One of the world’s largest and most prestigious fashion brands has stated it will stop sourcing paper from Indonesian forests and will drop Asia Pulp and Paper (APP) as a supplier, which has become notorious for tropical deforestation. The move comes after pressure from the Rainforest Action Network (RAN) on the fashion industry to stop sourcing paper from threatened rainforests for their shopping bags.
“Standing rainforests are not a luxury, they’re a necessity if the world wants to stop climate change,” said Mimma Viglezio, Executive VP Global Communications at Gucci Group. “Our actions are lowering our own carbon footprint, but we hope that they will also raise awareness inside the fashion industry that it’s possible for our industry to make a difference for rainforests and for the climate.”
Gucci has stated that by December 2010 it will use only recycled products or paper that is certified by the Forest Stewardship Council (FSC). Gucci is not alone: other fashion brands have made similar commitments, including Tiffany & Co., H&M Group, Staples and Unisource.
Deforestation in Indonesia has made the country the world’s third highest emitter of greenhouse gases. Pictured here is logging of a peat forest in Kalimantan, Indonesia on the island of Borneo. Photo by: Rhett A. Butler.
“The Gucci Group’s actions and commitments confirm its place as an industry leader,” said Lafcadio Cortesi, RAN’s Forest Campaign Director. “This move sets a bar for others in fashion and retail and demonstrates the foresight our society needs for our children and grandchildren to have standing rainforests and a stable climate.”
Deforestation is a major contributor to climate. Globally, the degradation and destruction of rainforests is estimated to contribute between fifteen and twenty percent of the world’s total greenhouse emissions. Indonesia is currently the world’s third highest emitter of greenhouse gases—after China and the United States—mostly due to the rampant and widespread destruction of its rainforests. Industry-driven destruction of rainforest—for paper, wood, and agricultural crops such as palm oil and soy—has also led to widespread biodiversity loss.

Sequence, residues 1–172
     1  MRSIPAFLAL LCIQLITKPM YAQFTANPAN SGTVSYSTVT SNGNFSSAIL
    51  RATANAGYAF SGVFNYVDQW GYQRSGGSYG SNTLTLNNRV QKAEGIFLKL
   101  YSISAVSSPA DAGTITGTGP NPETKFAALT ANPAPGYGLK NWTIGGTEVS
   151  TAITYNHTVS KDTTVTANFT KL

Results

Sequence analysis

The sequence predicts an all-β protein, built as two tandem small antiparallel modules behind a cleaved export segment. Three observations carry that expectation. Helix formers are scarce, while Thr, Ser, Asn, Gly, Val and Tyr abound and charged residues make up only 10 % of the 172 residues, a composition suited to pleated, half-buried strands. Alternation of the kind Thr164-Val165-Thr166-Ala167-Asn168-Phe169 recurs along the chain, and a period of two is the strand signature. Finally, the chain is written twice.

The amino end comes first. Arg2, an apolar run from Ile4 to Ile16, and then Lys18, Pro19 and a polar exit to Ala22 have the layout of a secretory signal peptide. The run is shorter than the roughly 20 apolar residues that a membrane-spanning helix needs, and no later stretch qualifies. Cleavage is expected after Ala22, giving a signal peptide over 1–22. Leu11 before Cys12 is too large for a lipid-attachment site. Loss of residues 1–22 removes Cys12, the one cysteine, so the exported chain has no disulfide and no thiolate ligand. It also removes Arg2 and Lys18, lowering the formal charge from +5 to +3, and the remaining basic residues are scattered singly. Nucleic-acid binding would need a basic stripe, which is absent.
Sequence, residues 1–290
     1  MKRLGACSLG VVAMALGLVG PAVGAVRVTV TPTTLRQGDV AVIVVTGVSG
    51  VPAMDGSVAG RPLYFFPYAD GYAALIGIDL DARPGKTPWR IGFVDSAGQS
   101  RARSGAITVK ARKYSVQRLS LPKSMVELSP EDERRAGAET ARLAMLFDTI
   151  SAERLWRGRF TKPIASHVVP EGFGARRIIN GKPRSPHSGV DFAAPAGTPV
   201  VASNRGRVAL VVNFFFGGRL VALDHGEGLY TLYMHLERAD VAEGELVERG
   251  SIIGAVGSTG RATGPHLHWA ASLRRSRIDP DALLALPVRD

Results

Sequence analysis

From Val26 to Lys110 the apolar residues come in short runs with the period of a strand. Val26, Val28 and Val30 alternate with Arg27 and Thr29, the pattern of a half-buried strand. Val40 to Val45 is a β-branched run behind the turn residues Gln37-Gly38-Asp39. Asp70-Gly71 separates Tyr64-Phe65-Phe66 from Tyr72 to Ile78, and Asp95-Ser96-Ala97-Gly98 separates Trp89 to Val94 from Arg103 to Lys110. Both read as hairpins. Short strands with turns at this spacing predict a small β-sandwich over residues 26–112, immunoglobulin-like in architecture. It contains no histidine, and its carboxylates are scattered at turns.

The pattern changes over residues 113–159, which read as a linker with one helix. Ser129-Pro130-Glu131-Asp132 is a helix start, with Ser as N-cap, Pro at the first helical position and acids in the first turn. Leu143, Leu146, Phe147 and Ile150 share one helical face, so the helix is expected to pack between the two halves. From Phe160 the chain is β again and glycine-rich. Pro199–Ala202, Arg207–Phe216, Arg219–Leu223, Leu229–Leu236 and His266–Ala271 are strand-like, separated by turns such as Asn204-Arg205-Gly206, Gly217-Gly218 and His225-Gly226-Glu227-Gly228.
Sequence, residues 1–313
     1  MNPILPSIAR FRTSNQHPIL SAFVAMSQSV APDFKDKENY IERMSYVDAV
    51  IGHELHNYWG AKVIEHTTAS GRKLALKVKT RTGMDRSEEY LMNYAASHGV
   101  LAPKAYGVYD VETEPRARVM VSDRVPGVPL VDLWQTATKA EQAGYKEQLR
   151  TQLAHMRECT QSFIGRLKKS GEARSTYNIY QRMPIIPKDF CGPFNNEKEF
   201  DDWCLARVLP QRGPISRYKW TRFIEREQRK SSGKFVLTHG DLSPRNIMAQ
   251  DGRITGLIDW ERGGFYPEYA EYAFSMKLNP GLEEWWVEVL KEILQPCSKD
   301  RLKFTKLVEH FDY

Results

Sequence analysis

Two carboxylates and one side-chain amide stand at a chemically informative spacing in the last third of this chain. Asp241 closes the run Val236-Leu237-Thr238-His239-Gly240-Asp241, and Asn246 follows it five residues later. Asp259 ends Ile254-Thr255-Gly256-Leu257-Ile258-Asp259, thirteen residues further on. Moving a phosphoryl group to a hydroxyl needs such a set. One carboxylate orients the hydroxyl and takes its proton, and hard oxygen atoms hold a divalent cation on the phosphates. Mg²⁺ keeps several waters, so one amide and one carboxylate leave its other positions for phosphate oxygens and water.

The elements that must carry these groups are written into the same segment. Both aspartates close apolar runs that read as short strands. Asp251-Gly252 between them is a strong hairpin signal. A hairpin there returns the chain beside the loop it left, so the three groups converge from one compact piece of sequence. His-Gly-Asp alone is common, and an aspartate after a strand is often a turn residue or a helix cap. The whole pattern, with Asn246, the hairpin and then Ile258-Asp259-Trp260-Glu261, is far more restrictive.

However, some critics say that efforts by RAN and fashion companies simply don’t go far enough; they criticize the FSC, an international not-for-profit organization, for certifying wood products sourced from plantations and old-growth forests. Still, many environmental organizations have retained their support of the FSC, including Greenpeace, the Nature Conservancy, and the World Wildlife Fund (WWF).
Indonesia: emissions to rise 50% by 2030, 3rd largest GHG emitter
(09/22/2009) A report released by the Indonesian government shows the country is the world’s third largest greenhouse gas emitter, largely as a result of the destruction of rainforests and carbon-dense peatlands. Indonesia accounts for 8 percent of global carbon dioxide emissions.
Fashion labels drop APP after party highlights the plight of Indonesian forests
(09/21/2009) The fashion world has been rocked: not by the newest designer or the most shocking outfit, but by the continuing destruction of forests in Indonesia. On September 15th, the Rainforest Action Network (RAN) helped open New York City’s styling Fashion Week with a party to encourage fashion designers to take a closer look at the paper bags they give customers.
Retailers Costco and Amazon.com flunk sustainable paper use, WalMart and Target fare little better
(08/27/2009) Every year forests are destroyed for the production of paper: habitat is lost, greenhouse gases are released, species are impacted, and fresh water sources damaged. Some companies have begun to move towards more sustainable paper production, seeking paper sources stamped by the Forest Stewardship Council (FSC) and increasing the use of recycled paper, however other companies in the industry have yet to change their way.
The 3rd annual report card conducted by Dogwood Alliance and Forest Ethics focuses both on the companies who continue to make progress toward sustainable paper production—and those who don’t.